How do You Calculate Restaurant EBITDA?
Operating a restaurant is a challenging experience for investors and restaurateurs. Restaurants are subject to high operating expenses and a thin profit margin, making it difficult to determine the real value of a restaurant. EBITDA shows the earning power of the business based on its cash flow. This article covers the following important points:
- What is Restaurant EBITDA?
- What is adjusted EBITDA?
- Why Use Restaurant EBITDA?
- How to Calculate Restaurant EBITDA?
- Ways of Improving Restaurant EBITDA
What is Restaurant EBITDA?
EBITDA is an accounting acronym that stands for Earnings Before Interest, Taxes, Depression, and Amortization. It is a metric used to determine a restaurant’s worth before adding factors like depression, taxes, and interest. This metric represents restaurant earnings from operations excluding the effects of accounting, financing, and capital spending. The ideal EBITDA for businesses in the restaurant industry is between 13 and 30% of the sales.
EBITDA is different from the restaurant operating profit. Operating profit is calculated directly by subtracting costs of goods sold (COGS) and expenses from the total restaurant sales. EBITDA subtracts all non-cash items. It focuses on operating expenses while excluding general and administrative costs. This makes it more effective in comparing a business against another since they carry different depreciation and debt levels.
What is adjusted EBITDA?
Adjusted EBITDA includes the removal of one-time and irregular items from EBITDA. Adjusting restaurant EBITDA provides a normalized number of regular gains and losses. This metric is useful to investment bankers, financial analysts, and other financial professionals in making key decisions. Some of the items excluded in Adjusted EBITDA include non-cash items, unrealized gains and losses, one-time gains and losses, non-operating income, and litigation expenses.
Why Use Restaurant EBITDA?
EBITDA considers earnings from restaurant operations only. It excludes earnings related to accounting, financing, and capital expenses because they are not directly related to business operations. This allows restaurant management to get an accurate value of the business before the impact of tax jurisdiction, capital structure, and interest payments.
EBITDA is an important metric when buying, selling, or investing in a restaurant. It helps value the restaurant, allowing investors and restaurateurs to make informed decisions. While two restaurants may report the same operating profits, they may have different EBITDAs. This means a restaurant with more EBITDA is more attractive.
How to Calculate Restaurant EBITDA?
Every restaurant owner or manager needs to understand how to calculate EBITDA. The process involves subtracting fixed costs from restaurant gross profit. Based on your available data, EBITDA can be calculated based on net income, or operating profit. You can also calculate EBITDA margin based on restaurant revenue.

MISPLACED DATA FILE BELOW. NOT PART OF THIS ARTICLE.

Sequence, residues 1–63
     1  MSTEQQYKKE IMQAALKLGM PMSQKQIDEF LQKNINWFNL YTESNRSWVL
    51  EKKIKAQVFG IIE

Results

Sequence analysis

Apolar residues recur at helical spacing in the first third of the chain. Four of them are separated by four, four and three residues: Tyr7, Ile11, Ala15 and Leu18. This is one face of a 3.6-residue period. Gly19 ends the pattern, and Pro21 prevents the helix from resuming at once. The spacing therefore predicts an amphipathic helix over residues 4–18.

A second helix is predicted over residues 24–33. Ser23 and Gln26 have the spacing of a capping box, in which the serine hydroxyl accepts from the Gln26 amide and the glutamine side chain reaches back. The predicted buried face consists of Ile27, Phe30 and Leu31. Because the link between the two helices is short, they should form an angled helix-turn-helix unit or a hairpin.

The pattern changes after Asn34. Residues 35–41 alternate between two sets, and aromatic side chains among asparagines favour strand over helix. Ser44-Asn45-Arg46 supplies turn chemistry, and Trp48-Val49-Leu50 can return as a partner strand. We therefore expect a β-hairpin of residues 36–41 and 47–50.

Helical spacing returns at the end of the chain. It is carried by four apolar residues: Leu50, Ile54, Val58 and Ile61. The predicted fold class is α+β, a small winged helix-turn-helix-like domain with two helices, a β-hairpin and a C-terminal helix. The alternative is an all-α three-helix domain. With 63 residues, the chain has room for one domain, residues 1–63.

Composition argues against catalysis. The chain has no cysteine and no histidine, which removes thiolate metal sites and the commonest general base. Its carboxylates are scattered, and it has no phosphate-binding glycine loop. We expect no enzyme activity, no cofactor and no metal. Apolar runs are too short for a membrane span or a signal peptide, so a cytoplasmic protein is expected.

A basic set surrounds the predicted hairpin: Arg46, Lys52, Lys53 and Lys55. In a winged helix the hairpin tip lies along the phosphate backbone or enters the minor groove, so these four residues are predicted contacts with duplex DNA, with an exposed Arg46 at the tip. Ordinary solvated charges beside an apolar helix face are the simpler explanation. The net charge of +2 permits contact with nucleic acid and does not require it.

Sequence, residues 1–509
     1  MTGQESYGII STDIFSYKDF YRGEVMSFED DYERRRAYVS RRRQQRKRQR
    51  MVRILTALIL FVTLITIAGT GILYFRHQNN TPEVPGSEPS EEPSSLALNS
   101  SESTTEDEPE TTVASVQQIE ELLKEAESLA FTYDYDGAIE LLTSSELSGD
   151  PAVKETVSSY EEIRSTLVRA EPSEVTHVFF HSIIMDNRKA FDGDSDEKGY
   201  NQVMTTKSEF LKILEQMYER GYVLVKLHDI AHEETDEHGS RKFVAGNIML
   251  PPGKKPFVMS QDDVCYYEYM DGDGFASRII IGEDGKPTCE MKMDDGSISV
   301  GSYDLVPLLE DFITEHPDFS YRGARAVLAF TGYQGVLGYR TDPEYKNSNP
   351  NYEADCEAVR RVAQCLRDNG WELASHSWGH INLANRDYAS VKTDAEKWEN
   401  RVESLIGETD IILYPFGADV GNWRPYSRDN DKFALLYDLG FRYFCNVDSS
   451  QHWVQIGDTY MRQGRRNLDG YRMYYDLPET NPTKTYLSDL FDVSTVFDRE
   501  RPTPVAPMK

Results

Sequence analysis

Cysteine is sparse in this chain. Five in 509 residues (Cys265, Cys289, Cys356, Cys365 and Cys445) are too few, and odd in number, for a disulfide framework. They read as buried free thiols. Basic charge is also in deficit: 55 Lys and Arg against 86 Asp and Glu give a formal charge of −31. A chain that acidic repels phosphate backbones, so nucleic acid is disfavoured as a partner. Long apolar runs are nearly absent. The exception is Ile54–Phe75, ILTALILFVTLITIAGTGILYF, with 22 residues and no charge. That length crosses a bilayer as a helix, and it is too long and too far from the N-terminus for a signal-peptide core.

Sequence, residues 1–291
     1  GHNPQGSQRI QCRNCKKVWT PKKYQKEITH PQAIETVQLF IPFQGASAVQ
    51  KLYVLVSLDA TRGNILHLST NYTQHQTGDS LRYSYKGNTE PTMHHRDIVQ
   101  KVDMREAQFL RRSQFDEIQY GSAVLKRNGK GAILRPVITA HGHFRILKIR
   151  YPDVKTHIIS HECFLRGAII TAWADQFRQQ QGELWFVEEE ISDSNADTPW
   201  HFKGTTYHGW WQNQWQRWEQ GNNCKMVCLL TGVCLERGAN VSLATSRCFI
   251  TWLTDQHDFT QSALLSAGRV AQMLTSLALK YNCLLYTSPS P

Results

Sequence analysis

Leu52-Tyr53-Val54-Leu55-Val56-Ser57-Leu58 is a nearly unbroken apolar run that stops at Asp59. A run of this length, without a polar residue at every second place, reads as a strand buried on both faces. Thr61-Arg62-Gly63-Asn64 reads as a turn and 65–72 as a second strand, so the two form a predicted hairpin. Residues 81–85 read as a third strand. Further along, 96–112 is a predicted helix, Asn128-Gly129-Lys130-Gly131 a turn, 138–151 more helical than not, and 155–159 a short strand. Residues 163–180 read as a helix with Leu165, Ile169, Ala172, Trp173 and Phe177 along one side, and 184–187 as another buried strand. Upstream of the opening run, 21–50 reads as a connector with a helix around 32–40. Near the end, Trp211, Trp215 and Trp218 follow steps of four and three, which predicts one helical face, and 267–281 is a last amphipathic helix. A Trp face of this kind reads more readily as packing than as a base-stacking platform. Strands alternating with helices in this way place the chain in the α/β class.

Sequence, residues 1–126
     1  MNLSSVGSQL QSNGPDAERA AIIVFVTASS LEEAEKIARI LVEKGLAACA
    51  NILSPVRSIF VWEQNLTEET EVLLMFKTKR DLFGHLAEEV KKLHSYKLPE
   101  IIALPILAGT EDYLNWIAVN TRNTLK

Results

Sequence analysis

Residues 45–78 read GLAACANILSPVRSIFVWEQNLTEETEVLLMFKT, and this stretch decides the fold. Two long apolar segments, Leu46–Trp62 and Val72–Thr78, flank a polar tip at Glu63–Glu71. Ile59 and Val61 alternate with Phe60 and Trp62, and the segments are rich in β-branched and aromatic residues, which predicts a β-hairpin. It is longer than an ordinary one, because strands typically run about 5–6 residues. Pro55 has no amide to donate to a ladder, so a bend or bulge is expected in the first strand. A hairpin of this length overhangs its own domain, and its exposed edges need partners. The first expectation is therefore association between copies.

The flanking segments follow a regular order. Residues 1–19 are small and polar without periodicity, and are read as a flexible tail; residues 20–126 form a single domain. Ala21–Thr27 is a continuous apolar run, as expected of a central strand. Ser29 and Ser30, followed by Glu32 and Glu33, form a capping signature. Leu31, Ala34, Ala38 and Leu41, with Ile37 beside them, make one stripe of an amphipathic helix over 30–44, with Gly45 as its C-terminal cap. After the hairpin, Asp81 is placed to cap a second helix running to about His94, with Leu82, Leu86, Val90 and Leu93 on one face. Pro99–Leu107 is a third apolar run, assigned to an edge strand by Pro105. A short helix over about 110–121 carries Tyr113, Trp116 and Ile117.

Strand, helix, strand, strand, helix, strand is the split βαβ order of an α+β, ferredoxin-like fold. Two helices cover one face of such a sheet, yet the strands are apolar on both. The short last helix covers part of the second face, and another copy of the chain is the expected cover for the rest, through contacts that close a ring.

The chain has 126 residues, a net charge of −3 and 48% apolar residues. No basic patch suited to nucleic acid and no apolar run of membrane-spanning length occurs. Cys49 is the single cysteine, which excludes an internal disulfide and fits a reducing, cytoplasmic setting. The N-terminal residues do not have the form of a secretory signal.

- Net Income
This formula involves adding interest, depreciation, taxes, and amortization back to your net income. Any additional operating income from secondary operations, investments, and on-term payment of asset sales should also be added back. The formula is as follows:
EBITDA = Net Income + Taxes + Interest + Amortization + Depreciation
- Operating Profit
The formula for calculating EBITDA based on operating profits is quite simple. You add depreciation and amortization back to the operating profit reported on the income statements. You may also add interest if it is part of your operating profit. The formula is as follows:
EBITDA = Operating Profit + Depreciation Expense + Amortization Expense
- Margin Formula
When you express EBITDA against the revenue, you get its margin. The formula is as follows:
EBITDA margin= EBITDA/Total Revenue
Ways of Improving Restaurant EBITDA
Improving restaurant EBITDA requires you to focus on cash items of your revenue. This means increasing your earnings and reducing your cost. Some of the ways you might find effective include:
- Upselling: Train your staff to upsell your menu items. The more you upsell, the more sales you make. This means an increase in your earnings.
- Managing Labor Costs: Effective labor cost management practices will help you reduce your operating costs. Ensure you make smart labor scheduling decisions to avoid spending unnecessary costs on your staff. You can adjust the shifts based on factors like time of day, holidays, and seasons.
- Menu Engineering: The way you design your menu has a direct impact on your restaurant’s profit. Use menu engineering tactics like strategic placements, visual designs, and item listing to encourage the sale of products with higher profits.
- Improved Inventory Management: Proper inventory management will reduce costs related to waste while increasing the profits. Reduce instances of over or under purchasing, improper portioning, spoiled ingredients, and other avoidable inventory-related costs.
EBITDA is one of the metrics used to show the financial performance of a business. It is used to determine the earning potential of a restaurant. This is achieved by including some of the factors stripped out when calculating your business’s profitability.